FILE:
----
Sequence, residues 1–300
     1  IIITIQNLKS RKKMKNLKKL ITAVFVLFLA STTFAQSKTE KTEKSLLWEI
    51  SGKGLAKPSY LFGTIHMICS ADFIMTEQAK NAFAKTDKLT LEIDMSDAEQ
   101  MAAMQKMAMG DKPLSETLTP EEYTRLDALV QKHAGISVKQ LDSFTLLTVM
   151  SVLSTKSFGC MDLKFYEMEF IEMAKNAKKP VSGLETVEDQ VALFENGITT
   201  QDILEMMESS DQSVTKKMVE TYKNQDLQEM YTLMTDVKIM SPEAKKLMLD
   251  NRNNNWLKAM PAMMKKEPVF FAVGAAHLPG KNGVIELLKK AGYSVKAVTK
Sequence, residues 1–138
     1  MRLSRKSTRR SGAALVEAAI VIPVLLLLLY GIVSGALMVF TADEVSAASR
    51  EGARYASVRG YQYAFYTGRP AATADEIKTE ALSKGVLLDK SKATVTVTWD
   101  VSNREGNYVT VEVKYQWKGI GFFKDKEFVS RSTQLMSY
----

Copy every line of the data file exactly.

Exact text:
Sequence, residues 1–300
     1  IIITIQNLKS RKKMKNLKKL ITAVFVLFLA STTFAQSKTE KTEKSLLWEI
    51  SGKGLAKPSY LFGTIHMICS ADFIMTEQAK NAFAKTDKLT LEIDMSDAEQ
   101  MAAMQKMAMG DKPLSETLTP EEYTRLDALV QKHAGISVKQ LDSFTLLTVM
   151  SVLSTKSFGC MDLKFYEMEF IEMAKNAKKP VSGLETVEDQ VALFENGITT
   201  QDILEMMESS DQSVTKKMVE TYKNQDLQEM YTLMTDVKIM SPEAKKLMLD
   251  NRNNNWLKAM PAMMKKEPVF FAVGAAHLPG KNGVIELLKK AGYSVKAVTK
Sequence, residues 1–138
     1  MRLSRKSTRR SGAALVEAAI VIPVLLLLLY GIVSGALMVF TADEVSAASR
    51  EGARYASVRG YQYAFYTGRP AATADEIKTE ALSKGVLLDK SKATVTVTWD
   101  VSNREGNYVT VEVKYQWKGI GFFKDKEFVS RSTQLMSY